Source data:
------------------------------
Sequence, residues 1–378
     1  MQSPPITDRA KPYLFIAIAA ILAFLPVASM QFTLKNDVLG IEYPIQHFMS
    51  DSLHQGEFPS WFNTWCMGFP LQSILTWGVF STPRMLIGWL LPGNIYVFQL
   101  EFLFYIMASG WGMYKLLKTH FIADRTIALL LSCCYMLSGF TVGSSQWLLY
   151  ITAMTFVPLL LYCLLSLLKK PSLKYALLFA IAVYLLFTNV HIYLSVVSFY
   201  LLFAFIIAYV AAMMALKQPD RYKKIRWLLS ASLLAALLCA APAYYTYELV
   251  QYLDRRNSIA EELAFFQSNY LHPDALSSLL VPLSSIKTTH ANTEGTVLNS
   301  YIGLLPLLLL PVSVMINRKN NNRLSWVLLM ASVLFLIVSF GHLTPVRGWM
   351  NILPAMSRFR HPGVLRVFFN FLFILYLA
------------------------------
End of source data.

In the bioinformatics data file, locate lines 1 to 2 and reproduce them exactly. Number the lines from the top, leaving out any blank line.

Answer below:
Sequence, residues 1–378
     1  MQSPPITDRA KPYLFIAIAA ILAFLPVASM QFTLKNDVLG IEYPIQHFMS